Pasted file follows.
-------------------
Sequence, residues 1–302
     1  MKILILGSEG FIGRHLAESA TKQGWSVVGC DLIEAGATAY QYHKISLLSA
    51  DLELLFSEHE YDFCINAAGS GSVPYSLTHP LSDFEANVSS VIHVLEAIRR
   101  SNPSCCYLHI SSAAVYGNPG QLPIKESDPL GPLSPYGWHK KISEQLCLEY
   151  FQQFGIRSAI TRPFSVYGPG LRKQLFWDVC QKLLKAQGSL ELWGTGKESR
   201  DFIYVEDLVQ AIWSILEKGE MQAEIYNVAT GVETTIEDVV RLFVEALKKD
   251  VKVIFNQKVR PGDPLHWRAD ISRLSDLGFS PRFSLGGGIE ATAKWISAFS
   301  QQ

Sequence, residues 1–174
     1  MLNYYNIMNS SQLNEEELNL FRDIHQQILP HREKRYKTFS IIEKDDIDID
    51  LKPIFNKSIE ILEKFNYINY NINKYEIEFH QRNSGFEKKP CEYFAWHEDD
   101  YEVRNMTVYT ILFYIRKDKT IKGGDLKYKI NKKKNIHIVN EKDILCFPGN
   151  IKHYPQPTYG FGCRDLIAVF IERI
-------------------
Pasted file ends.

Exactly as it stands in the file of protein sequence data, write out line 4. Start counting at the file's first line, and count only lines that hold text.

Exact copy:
   101  SNPSCCYLHI SSAAVYGNPG QLPIKESDPL GPLSPYGWHK KISEQLCLEY